The theme of the Oct. 27 celebration at Quinn’s newly-rebuilt home was ‘finished but undone,’ because while the Quinns finally regained their home, many other families have not and there is much work to be done to fix disaster recovery systems. 

  “The fact that it took seven years shows just how broken disaster recovery is in America and how badly the National Flood Insurance Program needs to be reformed,” said Quinn. “American families need affordable flood insurance and the senator’s NFIP reauthorization bill promises to deliver that by eliminating the waste and fraud that have come to characterize the program”

  Sen. Menendez, chair of the Sandy Task Force and a senior member of the Senate Banking Committee that oversees the National Flood Insurance Program (NFIP), authored the National Flood Insurance Program Reauthorization and Reform (NFIP-Re) Act of 2019, which “tackles systemic problems with flood insurance, puts it back on solid fiscal ground, and reframes the nation’s entire disaster paradigm to one that focuses more on prevention and mitigation to spare the high cost of rebuilding after flood disasters,” according to officials.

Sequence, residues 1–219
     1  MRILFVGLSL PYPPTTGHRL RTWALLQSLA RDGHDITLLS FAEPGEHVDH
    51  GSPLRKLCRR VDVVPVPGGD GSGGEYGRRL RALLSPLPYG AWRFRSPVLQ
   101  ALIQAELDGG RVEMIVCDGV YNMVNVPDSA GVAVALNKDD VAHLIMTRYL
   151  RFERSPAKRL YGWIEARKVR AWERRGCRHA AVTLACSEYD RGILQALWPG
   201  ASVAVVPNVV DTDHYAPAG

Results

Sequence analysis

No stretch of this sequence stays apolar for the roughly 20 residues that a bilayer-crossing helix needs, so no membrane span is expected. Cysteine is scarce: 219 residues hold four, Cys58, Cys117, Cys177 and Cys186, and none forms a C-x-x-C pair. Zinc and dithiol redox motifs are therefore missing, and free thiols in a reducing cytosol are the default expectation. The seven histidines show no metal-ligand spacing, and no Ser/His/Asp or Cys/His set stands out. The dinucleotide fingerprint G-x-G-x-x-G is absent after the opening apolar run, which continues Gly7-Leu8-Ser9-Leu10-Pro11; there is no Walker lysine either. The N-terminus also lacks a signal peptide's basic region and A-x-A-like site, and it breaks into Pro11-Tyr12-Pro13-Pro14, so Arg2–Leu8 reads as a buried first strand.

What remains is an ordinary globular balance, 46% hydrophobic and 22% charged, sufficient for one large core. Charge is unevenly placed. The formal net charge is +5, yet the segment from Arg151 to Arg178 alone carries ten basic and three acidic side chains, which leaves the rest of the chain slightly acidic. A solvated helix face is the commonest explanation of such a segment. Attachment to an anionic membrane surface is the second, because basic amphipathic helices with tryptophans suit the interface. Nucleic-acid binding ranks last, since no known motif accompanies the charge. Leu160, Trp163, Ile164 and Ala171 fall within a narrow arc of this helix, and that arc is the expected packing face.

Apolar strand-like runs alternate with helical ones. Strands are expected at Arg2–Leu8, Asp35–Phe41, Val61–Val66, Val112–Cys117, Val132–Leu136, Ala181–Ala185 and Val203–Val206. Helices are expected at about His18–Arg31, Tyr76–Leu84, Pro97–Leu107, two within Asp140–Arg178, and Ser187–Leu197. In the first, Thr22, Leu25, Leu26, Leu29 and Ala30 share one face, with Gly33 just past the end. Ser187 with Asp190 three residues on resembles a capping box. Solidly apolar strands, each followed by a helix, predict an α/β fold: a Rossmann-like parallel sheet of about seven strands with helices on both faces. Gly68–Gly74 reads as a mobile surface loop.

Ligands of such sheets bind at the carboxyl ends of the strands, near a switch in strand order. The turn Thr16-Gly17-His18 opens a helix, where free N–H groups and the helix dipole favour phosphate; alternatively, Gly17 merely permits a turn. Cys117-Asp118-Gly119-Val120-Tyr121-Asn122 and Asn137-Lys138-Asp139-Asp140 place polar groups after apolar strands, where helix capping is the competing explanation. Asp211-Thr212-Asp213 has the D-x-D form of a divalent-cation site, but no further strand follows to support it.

Menendez claims that “without real reform, we’ll be facing the same exact problems we faced after Superstorm Sandy when the next storm comes.”

  The NFIP-Re caps premiums to keep flood insurance affordable but also includes individual and community wide mitigation.

  Affordable flood insurance is key to ensuring the revival and survival of coastal communities, according to Joe Mangino, President of the New Jersey Organizing Project (NJOP).

  “If our flood insurance rates triple or quadruple over the next four years all this fighting we have done over the last 7 years to get myself, Doug and other families home will be useless because we will be forced out and our communities will crumble,” said Mangino.

  NFIP-Re also holds insurance companies accountable for underpayment, and eliminates the ‘earth movement’ clause that plagued some Sandy survivors. The earth movement clause is an exclusion found in many property insurance policies eliminating coverage for loss resulting from earth movement, except ensuing fire, according to IRMI.

  More than five million American families, including more than 220,000 New Jerseyans, depend upon the NFIP, which Congress must reauthorize before it expires next month.